We wouldn’t position ourselves any closer than thirty to fifty feet from a whale.That was the “stop point” for our approach. The Silver Bank was part of the Dominican Republic’s Sanctuary for the Marine Mammals, in which whales were protected by law against aggression.The sanctuary had, Gene told us,“a very conservative definition of aggression, which is that if you are moving toward the whale closer than that stop point, that’s considered an act of aggression.”

But, should the whales come closer to us, well then, by all means, “Come say hello!” “You just have to stop and stay in position,” Gene told us,“and wait for the natural curiosity of the animals to bring them to you.” So in terms of the tone of the interaction, our little expedition could be termed a “swim with humans” encounter for whales.

We went down to the main deck to put our gear in order. My fins suddenly seemed so small. The scale of the creatures we were about to encounter had finally registered. I remembered Ms. Blue, the blue-whale skeleton at Long Marine Lab that was almost ninety feet long. Okay, a full-grown humpback whale is smaller—only forty-five feet long, just a little longer than a school bus, and, shall we say, one of the “lightweights” of the family, maxing out at fifty tons.

There were dark clouds on the horizon. A storm was blowing in. It was too rough to go out. Charlie went up to the galley in search of some sea-sickness medication. Exhausted and queasy, I lay down in our cabin and closed my eyes.

My innards were dizzy. For the last stretch of my research, I’d wanted to go to three regions of the world in the course of one year, immerse myself.Well, I’d done it, but something was missing, some nugget. Some understanding I was searching for still eluded me.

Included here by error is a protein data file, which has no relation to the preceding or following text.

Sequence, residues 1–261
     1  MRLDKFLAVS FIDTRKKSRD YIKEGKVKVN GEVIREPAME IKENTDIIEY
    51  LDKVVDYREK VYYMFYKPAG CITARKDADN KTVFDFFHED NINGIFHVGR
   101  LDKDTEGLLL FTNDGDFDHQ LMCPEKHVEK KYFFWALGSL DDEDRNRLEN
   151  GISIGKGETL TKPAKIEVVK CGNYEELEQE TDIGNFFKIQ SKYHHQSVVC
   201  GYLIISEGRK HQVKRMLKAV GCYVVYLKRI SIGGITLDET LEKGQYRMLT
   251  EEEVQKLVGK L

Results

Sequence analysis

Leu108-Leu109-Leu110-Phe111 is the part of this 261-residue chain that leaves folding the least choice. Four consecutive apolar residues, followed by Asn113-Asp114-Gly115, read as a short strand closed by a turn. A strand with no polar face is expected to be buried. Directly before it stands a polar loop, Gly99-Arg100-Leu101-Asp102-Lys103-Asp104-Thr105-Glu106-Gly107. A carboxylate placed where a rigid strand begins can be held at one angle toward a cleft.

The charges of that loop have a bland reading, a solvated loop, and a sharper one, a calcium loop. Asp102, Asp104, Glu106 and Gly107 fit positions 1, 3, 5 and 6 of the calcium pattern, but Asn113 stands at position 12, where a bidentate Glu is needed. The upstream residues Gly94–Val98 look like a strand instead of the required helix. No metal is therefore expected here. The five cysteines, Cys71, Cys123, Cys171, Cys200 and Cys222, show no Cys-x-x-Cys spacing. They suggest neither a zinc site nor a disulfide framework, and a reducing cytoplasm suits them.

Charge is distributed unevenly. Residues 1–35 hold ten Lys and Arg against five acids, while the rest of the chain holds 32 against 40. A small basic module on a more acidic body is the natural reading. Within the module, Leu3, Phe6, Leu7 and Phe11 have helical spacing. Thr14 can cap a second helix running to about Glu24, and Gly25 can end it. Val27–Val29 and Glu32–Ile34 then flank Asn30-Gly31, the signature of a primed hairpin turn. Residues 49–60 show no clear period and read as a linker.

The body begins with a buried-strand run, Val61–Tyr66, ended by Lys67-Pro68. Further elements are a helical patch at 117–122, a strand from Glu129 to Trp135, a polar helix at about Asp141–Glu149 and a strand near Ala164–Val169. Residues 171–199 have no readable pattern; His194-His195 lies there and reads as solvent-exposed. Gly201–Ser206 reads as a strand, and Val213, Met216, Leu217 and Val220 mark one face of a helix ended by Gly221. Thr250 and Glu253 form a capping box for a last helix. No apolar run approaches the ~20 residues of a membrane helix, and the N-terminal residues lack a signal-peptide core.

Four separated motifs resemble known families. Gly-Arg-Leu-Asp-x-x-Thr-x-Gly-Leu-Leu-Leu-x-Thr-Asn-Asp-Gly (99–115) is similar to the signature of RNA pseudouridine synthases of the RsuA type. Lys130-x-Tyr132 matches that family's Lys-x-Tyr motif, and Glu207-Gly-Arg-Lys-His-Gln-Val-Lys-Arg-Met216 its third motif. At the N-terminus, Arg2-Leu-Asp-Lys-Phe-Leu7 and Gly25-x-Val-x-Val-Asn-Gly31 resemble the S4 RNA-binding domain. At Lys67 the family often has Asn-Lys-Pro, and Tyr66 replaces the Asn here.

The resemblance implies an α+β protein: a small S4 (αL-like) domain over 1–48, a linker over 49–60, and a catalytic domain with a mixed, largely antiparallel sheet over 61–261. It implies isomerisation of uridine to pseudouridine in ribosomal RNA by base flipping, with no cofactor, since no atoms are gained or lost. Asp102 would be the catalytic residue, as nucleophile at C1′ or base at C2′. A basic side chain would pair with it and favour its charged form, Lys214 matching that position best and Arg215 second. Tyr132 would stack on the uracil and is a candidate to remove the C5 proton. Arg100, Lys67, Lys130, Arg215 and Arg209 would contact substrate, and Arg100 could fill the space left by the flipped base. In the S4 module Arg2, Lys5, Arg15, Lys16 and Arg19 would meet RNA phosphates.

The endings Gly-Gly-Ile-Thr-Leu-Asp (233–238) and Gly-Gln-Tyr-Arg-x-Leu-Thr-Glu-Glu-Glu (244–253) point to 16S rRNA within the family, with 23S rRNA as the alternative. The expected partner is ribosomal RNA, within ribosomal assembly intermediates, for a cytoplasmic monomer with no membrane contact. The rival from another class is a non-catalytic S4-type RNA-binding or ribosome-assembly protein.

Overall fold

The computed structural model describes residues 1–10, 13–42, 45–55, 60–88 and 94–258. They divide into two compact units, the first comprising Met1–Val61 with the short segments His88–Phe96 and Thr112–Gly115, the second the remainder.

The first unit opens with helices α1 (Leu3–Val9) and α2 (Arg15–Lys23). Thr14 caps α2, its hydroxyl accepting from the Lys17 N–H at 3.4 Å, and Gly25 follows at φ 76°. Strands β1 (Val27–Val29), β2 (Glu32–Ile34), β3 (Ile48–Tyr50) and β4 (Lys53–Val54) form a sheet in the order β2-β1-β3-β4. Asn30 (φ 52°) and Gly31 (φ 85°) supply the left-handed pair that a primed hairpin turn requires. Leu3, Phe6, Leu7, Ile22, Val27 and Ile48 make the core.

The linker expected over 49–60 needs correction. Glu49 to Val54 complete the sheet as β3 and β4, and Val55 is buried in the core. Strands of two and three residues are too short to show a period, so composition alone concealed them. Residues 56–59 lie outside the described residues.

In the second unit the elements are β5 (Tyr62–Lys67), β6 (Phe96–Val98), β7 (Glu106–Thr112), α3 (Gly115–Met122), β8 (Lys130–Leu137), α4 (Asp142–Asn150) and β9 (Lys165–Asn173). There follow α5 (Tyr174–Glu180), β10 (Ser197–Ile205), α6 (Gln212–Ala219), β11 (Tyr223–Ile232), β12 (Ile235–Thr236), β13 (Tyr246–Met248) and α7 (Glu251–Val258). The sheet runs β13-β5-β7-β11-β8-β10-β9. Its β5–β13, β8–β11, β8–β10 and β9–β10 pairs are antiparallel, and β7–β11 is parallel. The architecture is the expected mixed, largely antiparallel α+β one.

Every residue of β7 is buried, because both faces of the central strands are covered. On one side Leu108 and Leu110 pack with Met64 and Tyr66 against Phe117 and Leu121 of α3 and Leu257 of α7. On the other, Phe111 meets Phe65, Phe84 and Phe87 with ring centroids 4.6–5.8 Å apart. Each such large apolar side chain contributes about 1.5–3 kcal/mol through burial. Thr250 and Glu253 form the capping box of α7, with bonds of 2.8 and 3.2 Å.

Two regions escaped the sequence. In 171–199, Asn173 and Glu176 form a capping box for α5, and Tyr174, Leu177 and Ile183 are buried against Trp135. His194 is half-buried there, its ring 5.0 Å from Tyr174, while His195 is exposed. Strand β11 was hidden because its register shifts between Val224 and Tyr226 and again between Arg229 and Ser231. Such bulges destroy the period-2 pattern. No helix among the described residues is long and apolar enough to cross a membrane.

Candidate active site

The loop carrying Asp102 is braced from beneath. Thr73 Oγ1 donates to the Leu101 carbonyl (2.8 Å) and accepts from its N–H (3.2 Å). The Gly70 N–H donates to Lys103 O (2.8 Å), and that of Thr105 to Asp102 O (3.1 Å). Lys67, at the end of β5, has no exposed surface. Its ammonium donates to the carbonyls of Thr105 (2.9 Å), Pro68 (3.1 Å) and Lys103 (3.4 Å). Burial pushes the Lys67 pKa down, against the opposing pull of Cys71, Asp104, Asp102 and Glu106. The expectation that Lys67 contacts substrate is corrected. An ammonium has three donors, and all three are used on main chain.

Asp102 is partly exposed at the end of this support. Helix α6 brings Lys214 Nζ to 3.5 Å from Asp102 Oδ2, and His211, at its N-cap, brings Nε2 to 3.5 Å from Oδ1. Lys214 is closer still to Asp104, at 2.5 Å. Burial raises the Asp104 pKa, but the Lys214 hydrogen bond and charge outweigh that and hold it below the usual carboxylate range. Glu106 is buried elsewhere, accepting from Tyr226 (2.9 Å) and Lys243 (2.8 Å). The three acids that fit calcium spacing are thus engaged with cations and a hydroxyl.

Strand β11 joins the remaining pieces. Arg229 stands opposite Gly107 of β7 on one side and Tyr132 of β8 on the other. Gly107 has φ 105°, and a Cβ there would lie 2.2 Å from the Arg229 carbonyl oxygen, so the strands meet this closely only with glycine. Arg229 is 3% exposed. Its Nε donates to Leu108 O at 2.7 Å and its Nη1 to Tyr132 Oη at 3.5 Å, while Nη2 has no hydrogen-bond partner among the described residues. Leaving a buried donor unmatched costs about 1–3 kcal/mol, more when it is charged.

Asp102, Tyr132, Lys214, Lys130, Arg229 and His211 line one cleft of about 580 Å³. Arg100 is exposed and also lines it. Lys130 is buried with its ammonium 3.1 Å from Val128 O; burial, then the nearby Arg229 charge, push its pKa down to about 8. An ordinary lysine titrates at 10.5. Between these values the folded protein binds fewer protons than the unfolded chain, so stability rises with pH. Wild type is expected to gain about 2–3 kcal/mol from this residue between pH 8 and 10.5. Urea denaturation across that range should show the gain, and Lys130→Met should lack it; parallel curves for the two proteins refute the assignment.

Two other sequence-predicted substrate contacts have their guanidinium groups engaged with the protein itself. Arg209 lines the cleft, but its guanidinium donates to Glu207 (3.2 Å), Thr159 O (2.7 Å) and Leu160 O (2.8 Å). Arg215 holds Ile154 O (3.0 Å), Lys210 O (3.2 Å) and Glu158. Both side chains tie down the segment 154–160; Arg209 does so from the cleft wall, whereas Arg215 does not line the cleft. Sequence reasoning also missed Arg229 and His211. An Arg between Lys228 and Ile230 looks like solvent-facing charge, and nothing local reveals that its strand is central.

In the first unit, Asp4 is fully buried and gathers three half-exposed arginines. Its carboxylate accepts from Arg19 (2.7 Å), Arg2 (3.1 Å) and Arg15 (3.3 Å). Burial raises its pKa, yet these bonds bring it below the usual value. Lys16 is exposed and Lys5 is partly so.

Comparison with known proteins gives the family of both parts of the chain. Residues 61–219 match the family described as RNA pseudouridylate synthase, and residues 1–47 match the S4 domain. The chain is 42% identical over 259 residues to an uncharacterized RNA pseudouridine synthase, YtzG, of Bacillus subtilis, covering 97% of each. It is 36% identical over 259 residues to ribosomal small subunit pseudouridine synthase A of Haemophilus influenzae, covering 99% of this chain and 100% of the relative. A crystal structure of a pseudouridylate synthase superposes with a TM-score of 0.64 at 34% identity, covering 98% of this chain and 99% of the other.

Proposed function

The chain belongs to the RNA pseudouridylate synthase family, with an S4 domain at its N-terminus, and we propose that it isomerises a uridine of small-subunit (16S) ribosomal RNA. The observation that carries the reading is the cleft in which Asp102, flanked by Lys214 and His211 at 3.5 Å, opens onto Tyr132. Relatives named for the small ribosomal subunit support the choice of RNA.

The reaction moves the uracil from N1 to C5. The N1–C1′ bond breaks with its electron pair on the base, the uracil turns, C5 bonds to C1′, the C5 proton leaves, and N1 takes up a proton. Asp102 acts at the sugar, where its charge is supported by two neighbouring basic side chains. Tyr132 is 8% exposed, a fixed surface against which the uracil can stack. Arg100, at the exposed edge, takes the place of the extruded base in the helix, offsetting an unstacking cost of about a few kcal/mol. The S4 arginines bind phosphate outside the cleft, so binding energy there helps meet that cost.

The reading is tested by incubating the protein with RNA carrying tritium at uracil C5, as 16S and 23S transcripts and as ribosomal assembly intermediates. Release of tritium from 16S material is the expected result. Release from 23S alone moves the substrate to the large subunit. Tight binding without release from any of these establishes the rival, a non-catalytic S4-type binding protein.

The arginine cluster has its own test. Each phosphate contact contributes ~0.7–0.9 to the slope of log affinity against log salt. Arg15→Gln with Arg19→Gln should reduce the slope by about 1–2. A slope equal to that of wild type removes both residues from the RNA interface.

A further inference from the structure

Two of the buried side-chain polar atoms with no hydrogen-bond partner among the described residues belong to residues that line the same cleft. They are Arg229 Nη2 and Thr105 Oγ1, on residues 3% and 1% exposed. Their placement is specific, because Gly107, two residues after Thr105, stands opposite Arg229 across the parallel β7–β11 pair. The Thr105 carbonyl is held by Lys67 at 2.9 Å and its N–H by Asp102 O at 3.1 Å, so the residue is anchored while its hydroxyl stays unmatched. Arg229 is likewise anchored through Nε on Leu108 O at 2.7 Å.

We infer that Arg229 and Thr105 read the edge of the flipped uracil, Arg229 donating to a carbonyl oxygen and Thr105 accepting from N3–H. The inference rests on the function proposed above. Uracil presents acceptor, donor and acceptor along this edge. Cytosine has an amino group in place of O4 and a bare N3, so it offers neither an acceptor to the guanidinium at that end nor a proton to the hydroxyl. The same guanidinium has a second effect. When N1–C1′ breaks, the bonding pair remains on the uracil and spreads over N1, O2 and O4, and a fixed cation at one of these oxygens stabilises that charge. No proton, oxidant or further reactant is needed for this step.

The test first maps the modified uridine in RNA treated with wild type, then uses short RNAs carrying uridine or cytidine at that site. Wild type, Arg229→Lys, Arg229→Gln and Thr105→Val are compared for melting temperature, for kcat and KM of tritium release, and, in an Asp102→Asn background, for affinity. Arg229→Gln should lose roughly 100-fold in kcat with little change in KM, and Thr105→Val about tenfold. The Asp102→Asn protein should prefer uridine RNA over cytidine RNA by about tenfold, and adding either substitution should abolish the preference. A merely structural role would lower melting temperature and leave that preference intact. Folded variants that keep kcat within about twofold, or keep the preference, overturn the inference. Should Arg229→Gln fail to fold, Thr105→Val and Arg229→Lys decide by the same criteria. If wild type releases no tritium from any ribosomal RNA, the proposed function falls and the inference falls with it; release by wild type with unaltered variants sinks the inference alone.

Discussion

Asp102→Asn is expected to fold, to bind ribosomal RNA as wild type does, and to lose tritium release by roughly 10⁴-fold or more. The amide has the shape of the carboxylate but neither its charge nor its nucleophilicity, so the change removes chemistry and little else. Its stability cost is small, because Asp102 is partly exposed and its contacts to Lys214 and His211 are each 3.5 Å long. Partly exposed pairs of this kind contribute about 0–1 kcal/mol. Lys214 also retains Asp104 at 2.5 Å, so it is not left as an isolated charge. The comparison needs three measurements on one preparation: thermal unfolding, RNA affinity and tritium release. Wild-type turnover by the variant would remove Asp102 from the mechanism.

Ever had a conversation in which someone said to you,“I had this feeling …”?You know, about a man or a woman or a house or a job? Well, I had this feeling that my journey would bring me to a certain “place.” But that place? I hadn’t gotten there.

Our cabin had a big picture window. Rain started to pelt against it. Maybe it will just be that way, I mused. Maybe it’s a mystery you accept. Maybe that’s part of the magic, it lures you for- ward. We would have just five days on the bank. I tried to resist wondering how long the stormy weather would last.

I was so tired, long-term tired. The fatigue had been building for months. I thought it’d be great to come full circle, back to seas that were just a day’s sail from the Turks and Caicos. But I didn’t realize that no matter how strongly anchored you are in a sense of purpose, it doesn’t insulate you from grief. Our flight to the Dominican Republic passed through the same airport gate I’d taken to fly to the Turks and Caicos.The sense of déjà vu was so strong, the sadness I’d felt when I witnessed the coral reef bleach.When we boarded the plane, I burst into tears.

I’d urged Charlie to come with me.This was the last stage of the journey, and I wanted to share this experience with him. Now we were both seasick, and I was exhausted.

I rolled over on my side and looked out onto the surging seas and thought,“Did we really need to come here? Couldn’t it have been enough to write about the whales?”

No, no, no!

The whale thing was too much about the ocean not to do it.The story of men and whales is the story of the civilization and the ocean writ large. From the ancient Babylonian myth in which the god Marduk slays the sea-monster Tiamat to Melville’s Moby Dick to the ultramodern, explosive-laced harpoons launched from factory ships, whale hunting is symbolic of epic battles with nature—slaughter for survival.

Whale oil literally greased the wheels of the Industrial Revolution. The steam engine? Whale oil. Watches? Whale oil. Sewing machines, railroad signal lamps, altimeters, microscopes, textile factory looms.Whale oil. Known for its exceptional stability and low viscosity, it was the preferred lubricant for everything from the gears of trains to fine mechanical instruments. By the mid-1960s, the global population of humpbacks, that some estimate was once over a million before commercial whaling, had been whittled down to about 1,500. So what happened? Why weren’t they hunted to extinction?